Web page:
Expert Warns of Ominous Signs in AIDS Fight
Bates, Betsy, Clinical Psychiatry News
LOS ANGELES -- The number of Americans diagnosed with AIDS is now approaching the 1 million mark, with more than a half-million deaths since the epidemic began and 17,000 more people dying of the disease each year, Dr. Harold Jaffe said during a plenary session at the 14th Conference on Retroviruses and Opportunistic Infections.
That mortality--58 per million--is "twice as high as any country in the European Union and 10 times as high as in the United Kingdom," said Dr. Jaffe, former director of HIV prevention for the Centers for Disease Control and Prevention and current head of the department of public health at Oxford University, England.
A troubling jump in incidence in 2005, the latest year for which data are available, compounded by signs of risky behavioral trends in gay men, points to the critical need for community leadership, personal responsibility, and support of preventive efforts proven to work, he said.
"The need for treatment is critical, but I agree with my colleague Dr. Kevin De Cock [WHO director of HIV/AIDS] that we are not going to be able to treat our way out of this epidemic.
"I guess it seems obvious that we should be implementing what works, evaluating what might work, and stop trying to do what doesn't work," added Dr. Jaffe, who singled out federal funding for abstinence-only education as an example of a strategy based on beliefs rather than science.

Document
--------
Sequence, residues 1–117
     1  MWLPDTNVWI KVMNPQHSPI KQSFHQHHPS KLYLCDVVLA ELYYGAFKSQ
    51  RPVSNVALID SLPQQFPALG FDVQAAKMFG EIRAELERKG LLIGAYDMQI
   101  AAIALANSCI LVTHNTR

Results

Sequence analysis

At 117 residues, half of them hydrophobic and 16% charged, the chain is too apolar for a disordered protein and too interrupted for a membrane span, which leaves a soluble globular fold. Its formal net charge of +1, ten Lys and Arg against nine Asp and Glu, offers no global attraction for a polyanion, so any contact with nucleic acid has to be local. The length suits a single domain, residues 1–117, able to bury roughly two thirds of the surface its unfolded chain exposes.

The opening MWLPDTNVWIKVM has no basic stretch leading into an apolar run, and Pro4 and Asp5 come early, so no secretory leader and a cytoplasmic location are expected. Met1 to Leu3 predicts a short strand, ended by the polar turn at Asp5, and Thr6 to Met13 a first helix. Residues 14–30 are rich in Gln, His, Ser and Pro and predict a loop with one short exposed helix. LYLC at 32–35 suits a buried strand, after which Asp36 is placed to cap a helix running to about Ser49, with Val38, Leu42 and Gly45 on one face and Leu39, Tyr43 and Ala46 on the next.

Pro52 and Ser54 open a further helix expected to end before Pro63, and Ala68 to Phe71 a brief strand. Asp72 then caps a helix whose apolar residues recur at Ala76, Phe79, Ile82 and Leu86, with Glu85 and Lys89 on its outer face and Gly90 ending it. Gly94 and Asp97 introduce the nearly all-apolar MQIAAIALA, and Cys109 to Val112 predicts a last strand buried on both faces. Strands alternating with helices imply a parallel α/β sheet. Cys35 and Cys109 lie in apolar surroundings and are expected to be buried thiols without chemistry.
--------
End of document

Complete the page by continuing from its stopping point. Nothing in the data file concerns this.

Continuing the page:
A "very comprehensive" study in press in the Cochrane Review, for example, reviewed eight published randomized controlled trials of abstinence-only programs, compared with standard sex education or safe-sex programs, involving 13,191 American youths.
With a median follow-up of 12 months, none of the abstinence-only programs demonstrated a significant decline in self-reported sexual activity or any biological outcome such as pregnancy or diagnosis with a sexually transmitted disease (STD), compared with the other approaches, said Dr. Jaffe at the conference, sponsored by the Foundation for Retrovirology and Human Health.
A recent University of Pennsylvania study of 662 African American children (median age, 12 years) did show significantly less sexual activity among those receiving abstinence-only education, compared with those exposed to other interventions. …